Linking us together. All “seven billion and counting” of us. Here is the irony, and that is usually the first thing that will slap you awake. Never before has the earth been trod upon by fourteen billion feet at once. (I know, it’s a rough estimate, but I figure for every unfortunate amputee who would reduce the number, there is some freak on the cover of the Enquirer who was born with three legs). Never have we had so many people, roads, modes of transportation, and sophisticated electronic, nearly magical devices to connect us. And yet we continue to pursue new ways of linking us up even more. What is with that?!
Joel Osteen and the legions of Jesus-for-a-modest-fee broadcast evangelists would say that we need to reconnect to Our Savior and this prevalent feeling of distance between us would vanish. Then we could all pray together in blissful spiritual lockstep, under the banner of the only God that really matters. Self-help gurus of both the secular (Tony Robbins, Dr. Phil, Dale Carnegie) and the New-Age/spiritual (Wayne Dyer, Deepak Chopra, Eckhart Tolle) stripe would assert that the feeling of separateness is an illusion which our egos perpetuate to keep us bound and which we possess the power to conquer through inner growth and strength, thus becoming truly connected. I’m sure there are elements of profound truth in both of these perspectives. Even the bumbling Homer sapiens occasionally stumbles upon a shard of truth while belly-flopping into the shimmering pool of Bud Light.
Here’s another possible explanation. There are too fucking many people. People need stuff to live. Stuff like food, water, parking spots. With the finite resources of the planet and the limits of the human-devised systems of production, stuff is becoming dearer by the day. Ask the animals, they’re going extinct with the speed of rising fuel prices. We can’t let them have their stuff and ours too. We were granted dominion after all. With so many people needing their stuff, stuff becoming harder to get, and people crammed into the urban density, every one of your neighbors is a potential stuff-stealer. You’ve got to keep the bastards at arms length. So we are now fortified, gated, dead-bolted and security-blanketed to the max. And we still want to wave to each other across the jail yard. I love it. The feeling of alienation isn’t necessarily only a perception, it’s a virtual reality which we have created. And it’s going to continue to accelerate, with more and more perceived need for creature comfort being muscled-out by dire survival-based actual need.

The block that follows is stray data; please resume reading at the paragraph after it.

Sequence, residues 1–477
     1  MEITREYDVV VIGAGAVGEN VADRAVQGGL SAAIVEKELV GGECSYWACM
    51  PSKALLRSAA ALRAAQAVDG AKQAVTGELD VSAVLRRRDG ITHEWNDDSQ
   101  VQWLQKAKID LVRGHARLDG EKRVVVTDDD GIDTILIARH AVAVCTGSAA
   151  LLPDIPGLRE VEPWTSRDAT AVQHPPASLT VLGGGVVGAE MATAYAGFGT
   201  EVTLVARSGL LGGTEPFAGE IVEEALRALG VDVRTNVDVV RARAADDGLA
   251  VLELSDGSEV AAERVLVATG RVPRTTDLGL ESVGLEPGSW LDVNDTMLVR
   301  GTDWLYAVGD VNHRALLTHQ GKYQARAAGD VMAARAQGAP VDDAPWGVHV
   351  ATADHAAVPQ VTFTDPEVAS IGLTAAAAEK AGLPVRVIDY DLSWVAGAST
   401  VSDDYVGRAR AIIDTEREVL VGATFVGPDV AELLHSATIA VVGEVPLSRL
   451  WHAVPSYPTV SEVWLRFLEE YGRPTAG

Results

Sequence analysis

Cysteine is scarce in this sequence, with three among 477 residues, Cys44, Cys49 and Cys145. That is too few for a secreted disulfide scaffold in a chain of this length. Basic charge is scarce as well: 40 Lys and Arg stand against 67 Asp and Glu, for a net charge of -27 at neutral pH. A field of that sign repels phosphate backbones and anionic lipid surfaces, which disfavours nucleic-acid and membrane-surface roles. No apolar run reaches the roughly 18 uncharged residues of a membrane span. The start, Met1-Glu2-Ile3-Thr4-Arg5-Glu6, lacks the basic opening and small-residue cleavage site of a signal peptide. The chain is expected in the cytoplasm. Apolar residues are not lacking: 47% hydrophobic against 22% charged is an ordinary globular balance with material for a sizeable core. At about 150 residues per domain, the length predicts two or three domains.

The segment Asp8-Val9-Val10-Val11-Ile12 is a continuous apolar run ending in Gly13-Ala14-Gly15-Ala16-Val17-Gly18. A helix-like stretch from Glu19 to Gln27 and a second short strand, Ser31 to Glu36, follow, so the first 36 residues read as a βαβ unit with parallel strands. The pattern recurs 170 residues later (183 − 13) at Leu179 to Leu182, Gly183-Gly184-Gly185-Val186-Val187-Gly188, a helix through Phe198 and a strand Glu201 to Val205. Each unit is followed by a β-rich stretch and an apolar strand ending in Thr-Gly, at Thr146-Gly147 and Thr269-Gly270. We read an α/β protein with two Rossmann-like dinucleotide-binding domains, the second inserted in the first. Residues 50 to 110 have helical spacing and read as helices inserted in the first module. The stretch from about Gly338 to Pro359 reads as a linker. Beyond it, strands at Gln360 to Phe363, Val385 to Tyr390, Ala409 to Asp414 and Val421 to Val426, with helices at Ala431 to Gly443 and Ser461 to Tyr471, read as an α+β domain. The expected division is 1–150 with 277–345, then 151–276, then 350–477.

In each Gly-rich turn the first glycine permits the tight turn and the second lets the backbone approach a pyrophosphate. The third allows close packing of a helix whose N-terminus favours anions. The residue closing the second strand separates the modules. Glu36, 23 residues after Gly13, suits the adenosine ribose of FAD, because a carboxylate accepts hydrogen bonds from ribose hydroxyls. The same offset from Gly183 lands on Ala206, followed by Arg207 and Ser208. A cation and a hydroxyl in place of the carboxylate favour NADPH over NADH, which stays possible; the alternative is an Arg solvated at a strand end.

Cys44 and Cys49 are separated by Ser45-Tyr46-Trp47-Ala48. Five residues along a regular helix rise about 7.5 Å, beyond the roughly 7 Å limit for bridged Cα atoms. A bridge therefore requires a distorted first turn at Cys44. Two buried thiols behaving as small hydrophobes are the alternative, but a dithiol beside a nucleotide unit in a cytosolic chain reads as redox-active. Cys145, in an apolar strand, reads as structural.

This posture that we now assume in an at least apparent need for self-protection is not a social problem. It’s not a spiritual dilemma. It is simply a natural reaction of organisms to change and pressure in their environment. It’s a giant science project. Too many rats in the cage, some are going to make it and some are not. And I’ll bet that them that does are the most aggressive, single-minded and self-focused. The Law of the Jungle, if you will, but not a moral quandary. Just is, that’s all. Not a problem. That’s natural. That’s God. I actually take great comfort in the thought that just as the cockroaches and alligators kept watch over the blue ball for hundreds of millions of years (a little less than a week by more conservative estimates), they are poised to take the job again, guarding our precious planet for another string of eons while Mother Nature cleans up after the last nasty house guests have shit in the parlor and bolted on the bill. She’ll need to call ServiceMaster for this one.
To those who find this viewpoint unduly cynical, I say this. Just remember when world globes where as flat as a flounder, disease was thought to be generated by demons, and people were developing the art of hacking off heretics’ heads. Yes, mankind has always had a flair for pomposity and smugness. Science and religion have both played a role in this long-running farce, a veritable smash laugh-riot. As sure as we have been about everything, that’s exactly how wrong we have consistently been proven to be, even by our own measure. In spite of our Deep-Woods Off, I really think the mosquitoes are going to outlive us. Maybe we’re not so damned special after all.
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